Aged care

Happy opening celebration for Prom Country House

“I HAVE never seen a crowd with such beaming smiles,” declared the Member for Gippsland South, Russell Broadbent, as fifteen years after the need for a new aged care facility for the district was first identified, the official opening took place in Foster last Thursday of Prom Country House.

Out the front of the recently completed 60-bed complex in O’Connell Street, in front of a crowd numbering upwards of 200, the president of Prom Country Aged Care, Sandy Bucello, summed up the general feeling when she declared it “a very happy day for our community”.

Ms Bucello was one of several speakers who remarked on the enormous community effort which had gone into realising the dream of a facility which would serve the needs of the district’s aged well into the future.

Master of ceremonies, Llew Vale, began by welcoming everyone, especially the residents of Prom Country House, most of whom were seated in the front rows and were, he acknowledged, “the most important people”. He then introduced Gunai/Kurnai elder ‘Aunty Madge,’ who delivered a traditional welcome.

Speaking next, the PCAC president outlined the long journey from 1999, when the need for a new facility was first recognised, through the work to merge the Foster (Banksia Lodge) and Toora (Prom View Lodge, formerly Toora Nursing Home) facilities on the one site at Foster, to the completion of Prom Country House at the end of last year. She praised the board members, past and present, of South Gippsland Hospital and Prom Country Aged Care, for their foresight and management, and she thanked the many individuals and organisations who had helped along the way. She singled out former PCAC board president Rob Knight and one-time general manager Jo Stringer, saying it was largely down to them that the project was successful in attracting funding of $9 million from the federal government in July 2009.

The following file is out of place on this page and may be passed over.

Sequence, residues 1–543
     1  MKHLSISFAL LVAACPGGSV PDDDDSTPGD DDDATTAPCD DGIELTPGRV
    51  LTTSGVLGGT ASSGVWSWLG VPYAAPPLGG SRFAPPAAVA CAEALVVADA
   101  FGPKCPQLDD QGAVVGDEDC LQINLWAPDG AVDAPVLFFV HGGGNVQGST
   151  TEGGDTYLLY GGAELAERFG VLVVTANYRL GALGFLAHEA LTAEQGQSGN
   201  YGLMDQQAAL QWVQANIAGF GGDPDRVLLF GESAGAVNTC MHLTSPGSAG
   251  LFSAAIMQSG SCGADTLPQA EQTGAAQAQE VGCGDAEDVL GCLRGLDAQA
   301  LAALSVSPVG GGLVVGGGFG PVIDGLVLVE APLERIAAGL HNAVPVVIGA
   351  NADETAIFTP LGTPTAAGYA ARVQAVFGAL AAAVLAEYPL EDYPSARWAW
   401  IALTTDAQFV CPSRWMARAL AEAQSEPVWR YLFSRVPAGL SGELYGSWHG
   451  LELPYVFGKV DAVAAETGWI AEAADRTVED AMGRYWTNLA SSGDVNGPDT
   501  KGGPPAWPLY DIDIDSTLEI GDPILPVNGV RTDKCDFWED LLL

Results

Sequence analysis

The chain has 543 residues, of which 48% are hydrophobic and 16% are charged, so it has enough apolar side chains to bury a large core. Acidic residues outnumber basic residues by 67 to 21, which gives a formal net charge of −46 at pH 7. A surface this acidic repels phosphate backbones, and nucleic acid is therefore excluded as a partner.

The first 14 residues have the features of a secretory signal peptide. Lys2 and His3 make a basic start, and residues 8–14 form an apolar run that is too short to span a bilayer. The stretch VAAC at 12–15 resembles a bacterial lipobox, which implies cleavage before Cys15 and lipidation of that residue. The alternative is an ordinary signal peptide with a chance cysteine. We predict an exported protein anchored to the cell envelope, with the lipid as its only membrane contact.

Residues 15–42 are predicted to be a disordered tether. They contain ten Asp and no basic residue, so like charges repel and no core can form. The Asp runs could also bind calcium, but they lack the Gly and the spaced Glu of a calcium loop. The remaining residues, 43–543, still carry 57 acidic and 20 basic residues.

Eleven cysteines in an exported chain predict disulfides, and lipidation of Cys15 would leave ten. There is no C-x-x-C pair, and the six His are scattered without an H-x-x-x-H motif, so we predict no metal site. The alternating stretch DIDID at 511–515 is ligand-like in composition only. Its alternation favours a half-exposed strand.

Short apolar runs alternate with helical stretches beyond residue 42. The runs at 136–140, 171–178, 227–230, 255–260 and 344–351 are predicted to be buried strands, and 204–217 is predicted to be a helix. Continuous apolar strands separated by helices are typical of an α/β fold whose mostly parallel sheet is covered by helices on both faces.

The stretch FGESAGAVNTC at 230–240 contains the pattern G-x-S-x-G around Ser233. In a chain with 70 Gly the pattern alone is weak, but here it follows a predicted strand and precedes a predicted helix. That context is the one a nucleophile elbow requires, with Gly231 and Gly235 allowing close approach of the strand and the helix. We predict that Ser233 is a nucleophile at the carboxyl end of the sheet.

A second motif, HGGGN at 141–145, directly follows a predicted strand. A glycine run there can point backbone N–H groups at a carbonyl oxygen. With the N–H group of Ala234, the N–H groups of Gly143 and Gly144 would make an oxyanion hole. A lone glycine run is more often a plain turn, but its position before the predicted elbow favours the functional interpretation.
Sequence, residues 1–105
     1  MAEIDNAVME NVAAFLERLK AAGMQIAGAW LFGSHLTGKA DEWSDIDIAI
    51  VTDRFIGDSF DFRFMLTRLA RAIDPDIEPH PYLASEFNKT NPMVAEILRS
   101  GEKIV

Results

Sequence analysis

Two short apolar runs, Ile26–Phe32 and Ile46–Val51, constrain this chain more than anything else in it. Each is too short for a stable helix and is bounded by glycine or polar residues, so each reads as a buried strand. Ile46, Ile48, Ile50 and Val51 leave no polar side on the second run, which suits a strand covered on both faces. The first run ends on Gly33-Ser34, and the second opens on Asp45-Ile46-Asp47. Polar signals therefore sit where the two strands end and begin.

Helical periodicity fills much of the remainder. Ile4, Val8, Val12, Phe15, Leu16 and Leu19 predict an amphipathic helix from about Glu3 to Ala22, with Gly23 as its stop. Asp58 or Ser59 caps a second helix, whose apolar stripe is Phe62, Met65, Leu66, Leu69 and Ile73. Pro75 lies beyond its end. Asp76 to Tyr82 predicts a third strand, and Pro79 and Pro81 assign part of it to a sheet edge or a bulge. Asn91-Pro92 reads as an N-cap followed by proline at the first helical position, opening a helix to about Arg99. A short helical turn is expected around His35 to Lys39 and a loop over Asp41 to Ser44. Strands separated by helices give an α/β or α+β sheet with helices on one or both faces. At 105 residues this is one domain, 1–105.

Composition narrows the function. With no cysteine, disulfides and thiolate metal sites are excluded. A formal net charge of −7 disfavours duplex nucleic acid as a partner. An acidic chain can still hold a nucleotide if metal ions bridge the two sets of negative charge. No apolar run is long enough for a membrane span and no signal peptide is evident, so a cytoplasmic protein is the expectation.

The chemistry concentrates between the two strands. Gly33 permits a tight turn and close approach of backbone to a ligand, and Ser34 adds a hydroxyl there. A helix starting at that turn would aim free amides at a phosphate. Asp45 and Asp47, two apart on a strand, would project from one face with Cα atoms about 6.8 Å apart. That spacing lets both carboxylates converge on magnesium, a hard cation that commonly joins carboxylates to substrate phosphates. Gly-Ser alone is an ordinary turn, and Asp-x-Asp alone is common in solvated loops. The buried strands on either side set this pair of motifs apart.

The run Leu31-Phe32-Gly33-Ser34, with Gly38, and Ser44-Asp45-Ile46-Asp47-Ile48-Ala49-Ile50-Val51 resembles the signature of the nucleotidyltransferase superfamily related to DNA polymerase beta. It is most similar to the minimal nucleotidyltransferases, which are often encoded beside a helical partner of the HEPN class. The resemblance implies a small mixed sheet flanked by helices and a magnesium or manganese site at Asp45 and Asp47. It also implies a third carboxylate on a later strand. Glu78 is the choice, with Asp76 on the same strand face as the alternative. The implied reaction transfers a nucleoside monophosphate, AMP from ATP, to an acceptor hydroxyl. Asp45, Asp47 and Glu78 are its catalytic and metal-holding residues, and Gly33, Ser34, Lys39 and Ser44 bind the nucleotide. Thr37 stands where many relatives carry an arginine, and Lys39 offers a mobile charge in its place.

“That was the turning point,” said Ms Bucello, pointing out that $9 million was a long way towards the $11.707 million total cost of the project.

She said that an enthusiastic band of volunteers, led by Julie Need, took on the task of raising the $2.707 million shortfall. At the launch of the fundraising campaign, community organisations and individuals pledged an impressive $500,000. That figure and more has been raised in the last few years, thanks to the generosity of many people, with particularly large sums from a few notable sources – the James Trust, the Banksia Lodge and Prom View Lodge auxiliaries, the Toora and District and Foster Community Bank Branches of Bendigo Bank, the Rotary Club of Foster and the Lions Club of Toora.

The build progressed well, said Ms Bucello, resulting in a “light, cosy building, a lovely place to live or visit” and the finished project was delivered close to the planned deadline. Moving day for the 60 residents was December 9, 2013, and it ran smoothly, thanks to the hard work of staff and community volunteers. The majority of residents have embraced their new home, said Ms Bucello, several remarking how thrilled they are to be living in a new building for the first time and particularly delighted to each have an en suite!